Old Down-town Part I: North
Image by Ebyabe under Creative Commons License.

Florida, St. Augustine Guide (A): Old Down-town Part I: North

St. Augustine is considered the oldest, permanent European settlement in the USA. It's not a huge city area-wise, but it is filled to the brim with amazingly beautiful historic sites and attractions! This tour begins in the north at the Castillo de San Marcos fort and makes its way through the heart of the city-center, ending at the Grace United Methodist Church, where the next tour picks up if you’re interested in doing them back to back.
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Walk Route

Guide Name: Old Down-town Part I: North
Guide Location: USA » St. Augustine
Guide Type: Self-guided Walking Tour (Article (A))
# of Attractions: 8
Tour Duration: 2.0 hour(s)
Travel Distance: 1.6 km
Author: Stefan Siewert
Author Bio: Dana Newman has a bachelor’s degree from the College of Journalism and Communications at the University of Florida. After receiving her degree she followed her dreams to Europe to live an adventure and collect experiences, which she now writes candidly about from her present home in Munich, Germany. She considers it an honor to be able to live the life she’s imagined.
Sight(s) Featured in This Guide:
  • Castillo de San Marcos
  • City Gate
  • Oldest Wooden Schoolhouse
  • Spanish Colonial Quarter Museum
  • Avenida Menendez
  • Plaza de la Constitucion
  • The Walking Mall
  • Grace United Methodist Church
1
Castillo de San Marcos

1) Castillo de San Marcos

Since St. Augustine’s foundation in 1565 there has been a fort to defend the city. The original 9 forts that were built around the city no longer exist since the wood they were made of either decayed away naturally, was eaten by termites, or was burned down by pirates. The stone fort you see today is considered to be St. Augustine’s grandest historic landmark and was built in 1672. Nowadays, St. Augustine is a part of the USA, but back in 1672 it was owned by the Spanish while the Virginia and North Carolina colonies to the north of it were owned by the English. The Spanish began building the Castillo de San Marcos fort in an effort to ward off the British who were slowly but surely encroaching on their eastern seaboard.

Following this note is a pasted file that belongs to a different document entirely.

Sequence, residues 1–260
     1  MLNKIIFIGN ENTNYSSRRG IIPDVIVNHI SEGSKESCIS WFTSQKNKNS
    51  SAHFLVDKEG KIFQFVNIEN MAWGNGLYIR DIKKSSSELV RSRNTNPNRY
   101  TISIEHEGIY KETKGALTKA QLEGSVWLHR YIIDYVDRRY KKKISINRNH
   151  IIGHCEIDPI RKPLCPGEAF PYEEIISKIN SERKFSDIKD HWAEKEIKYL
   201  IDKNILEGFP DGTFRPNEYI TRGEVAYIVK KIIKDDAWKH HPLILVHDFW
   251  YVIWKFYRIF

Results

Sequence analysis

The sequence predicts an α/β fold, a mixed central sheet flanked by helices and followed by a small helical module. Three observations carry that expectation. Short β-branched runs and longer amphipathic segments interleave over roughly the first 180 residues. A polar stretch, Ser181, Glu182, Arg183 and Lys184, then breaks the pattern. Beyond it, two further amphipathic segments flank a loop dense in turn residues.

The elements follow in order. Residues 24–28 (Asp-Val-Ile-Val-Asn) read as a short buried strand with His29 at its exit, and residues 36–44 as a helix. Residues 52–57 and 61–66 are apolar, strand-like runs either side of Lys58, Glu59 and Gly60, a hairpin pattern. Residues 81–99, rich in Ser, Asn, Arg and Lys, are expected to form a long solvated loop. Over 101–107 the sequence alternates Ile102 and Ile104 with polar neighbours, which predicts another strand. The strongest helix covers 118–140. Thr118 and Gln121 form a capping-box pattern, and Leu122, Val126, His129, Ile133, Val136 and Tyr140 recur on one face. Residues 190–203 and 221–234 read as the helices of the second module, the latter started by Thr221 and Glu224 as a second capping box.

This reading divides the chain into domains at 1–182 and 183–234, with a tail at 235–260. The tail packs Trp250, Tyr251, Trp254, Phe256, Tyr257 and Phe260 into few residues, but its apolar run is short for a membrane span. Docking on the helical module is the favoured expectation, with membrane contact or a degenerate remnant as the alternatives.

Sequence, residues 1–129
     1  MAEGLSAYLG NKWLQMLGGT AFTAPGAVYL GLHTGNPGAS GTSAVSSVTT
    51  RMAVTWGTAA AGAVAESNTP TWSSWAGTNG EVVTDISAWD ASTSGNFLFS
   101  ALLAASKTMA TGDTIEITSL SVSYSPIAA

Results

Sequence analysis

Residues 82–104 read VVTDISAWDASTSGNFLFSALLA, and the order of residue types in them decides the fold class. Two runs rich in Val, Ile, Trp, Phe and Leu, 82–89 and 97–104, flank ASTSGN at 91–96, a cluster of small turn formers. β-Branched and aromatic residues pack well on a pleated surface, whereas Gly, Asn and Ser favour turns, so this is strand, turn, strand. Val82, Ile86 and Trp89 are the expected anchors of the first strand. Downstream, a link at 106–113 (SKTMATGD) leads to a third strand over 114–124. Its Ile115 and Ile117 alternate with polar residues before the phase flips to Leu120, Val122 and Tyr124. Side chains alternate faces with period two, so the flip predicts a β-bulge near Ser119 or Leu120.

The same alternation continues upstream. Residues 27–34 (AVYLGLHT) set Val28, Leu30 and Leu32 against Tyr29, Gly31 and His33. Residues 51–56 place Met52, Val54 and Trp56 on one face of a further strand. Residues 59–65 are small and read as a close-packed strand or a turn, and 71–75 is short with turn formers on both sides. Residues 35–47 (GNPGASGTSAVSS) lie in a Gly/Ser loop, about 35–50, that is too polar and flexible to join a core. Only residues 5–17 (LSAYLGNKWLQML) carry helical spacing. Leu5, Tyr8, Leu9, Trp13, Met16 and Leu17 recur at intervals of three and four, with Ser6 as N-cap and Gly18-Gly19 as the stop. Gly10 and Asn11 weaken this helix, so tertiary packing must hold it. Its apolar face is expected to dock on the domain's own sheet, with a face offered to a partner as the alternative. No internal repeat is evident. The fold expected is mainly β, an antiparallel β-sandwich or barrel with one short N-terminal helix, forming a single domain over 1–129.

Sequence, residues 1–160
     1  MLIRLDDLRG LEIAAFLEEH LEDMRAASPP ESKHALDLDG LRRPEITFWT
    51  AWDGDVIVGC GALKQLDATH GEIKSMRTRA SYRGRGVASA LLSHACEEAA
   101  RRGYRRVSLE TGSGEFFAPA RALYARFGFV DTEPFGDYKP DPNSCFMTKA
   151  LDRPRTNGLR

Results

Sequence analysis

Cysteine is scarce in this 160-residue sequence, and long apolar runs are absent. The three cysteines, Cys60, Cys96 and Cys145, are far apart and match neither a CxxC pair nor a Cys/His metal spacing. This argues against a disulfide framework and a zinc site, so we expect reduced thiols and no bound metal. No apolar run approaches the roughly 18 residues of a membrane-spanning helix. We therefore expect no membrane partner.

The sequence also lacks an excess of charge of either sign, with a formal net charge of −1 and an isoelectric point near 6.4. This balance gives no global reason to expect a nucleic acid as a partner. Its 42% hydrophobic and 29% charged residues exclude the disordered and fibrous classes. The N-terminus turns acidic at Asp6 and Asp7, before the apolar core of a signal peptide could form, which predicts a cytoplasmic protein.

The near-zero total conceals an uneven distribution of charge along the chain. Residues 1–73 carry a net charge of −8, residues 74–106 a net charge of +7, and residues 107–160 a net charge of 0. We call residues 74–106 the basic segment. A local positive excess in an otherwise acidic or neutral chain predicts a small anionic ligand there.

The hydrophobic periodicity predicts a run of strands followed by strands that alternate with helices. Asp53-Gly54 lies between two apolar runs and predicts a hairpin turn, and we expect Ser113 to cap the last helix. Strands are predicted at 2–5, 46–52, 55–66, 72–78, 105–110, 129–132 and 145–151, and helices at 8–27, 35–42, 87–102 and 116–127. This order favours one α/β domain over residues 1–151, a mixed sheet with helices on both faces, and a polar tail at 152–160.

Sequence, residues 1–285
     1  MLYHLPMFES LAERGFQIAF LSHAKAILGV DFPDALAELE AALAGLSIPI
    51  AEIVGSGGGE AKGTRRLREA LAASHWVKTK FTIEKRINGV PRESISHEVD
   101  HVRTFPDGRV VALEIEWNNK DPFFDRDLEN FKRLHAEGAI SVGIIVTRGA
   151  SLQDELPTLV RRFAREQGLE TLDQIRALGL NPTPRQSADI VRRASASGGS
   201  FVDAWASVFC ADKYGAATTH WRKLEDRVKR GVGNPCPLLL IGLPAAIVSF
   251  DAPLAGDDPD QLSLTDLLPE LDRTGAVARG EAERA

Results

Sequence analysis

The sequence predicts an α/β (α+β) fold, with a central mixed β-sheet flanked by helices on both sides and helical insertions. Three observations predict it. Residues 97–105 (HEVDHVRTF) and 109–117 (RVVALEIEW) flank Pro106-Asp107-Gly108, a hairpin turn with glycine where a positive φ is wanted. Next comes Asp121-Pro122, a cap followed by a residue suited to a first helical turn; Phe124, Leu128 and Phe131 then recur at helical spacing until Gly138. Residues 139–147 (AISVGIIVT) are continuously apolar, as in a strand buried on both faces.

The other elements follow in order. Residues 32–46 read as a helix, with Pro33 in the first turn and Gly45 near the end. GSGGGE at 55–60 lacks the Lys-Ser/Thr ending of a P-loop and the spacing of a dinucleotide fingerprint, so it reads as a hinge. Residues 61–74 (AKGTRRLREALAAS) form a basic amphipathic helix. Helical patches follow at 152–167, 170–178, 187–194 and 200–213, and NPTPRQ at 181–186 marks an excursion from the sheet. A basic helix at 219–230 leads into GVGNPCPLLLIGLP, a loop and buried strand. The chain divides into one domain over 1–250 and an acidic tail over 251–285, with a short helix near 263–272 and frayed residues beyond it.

2
City Gate

2) City Gate

The construction of St. Augustine’s City Gate was completed in 1739 and provided sole entrance into the city from the north. Originally it was made from the same materials as the Cubo Defensive Line, which was an earthwork surrounding the city to protect the inhabitants. In 1808, however, the present-day coquina pillars, which are pillars made from local coquina stone-shells, were put in place and the wall was strengthened with the stone work that you can see on both sides. In the early 1900s the town wanted to demolish the City Gate but a group of local women came together to stop them. This was one of the first documented cases of historic preservation in St. Augustine.
3
Oldest Wooden Schoolhouse

3) Oldest Wooden Schoolhouse

The name of this attraction is a bit misleading as the building never actually was used as a schoolhouse, as the owners would like you to believe. But that’s not to say that this building isn’t special! It was built circa 1800 by a Greek carpenter and is the oldest wood-frame building still standing in St. Augustine today. The private house did not get labeled as a schoolhouse until 130 years after its construction. In 1930 a photographer named William J. Harris bought the structure with the intent of showcasing it as historic schoolhouse, even though it never really was one. To this day that is how the building is presented.
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Spanish Colonial Quarter Museum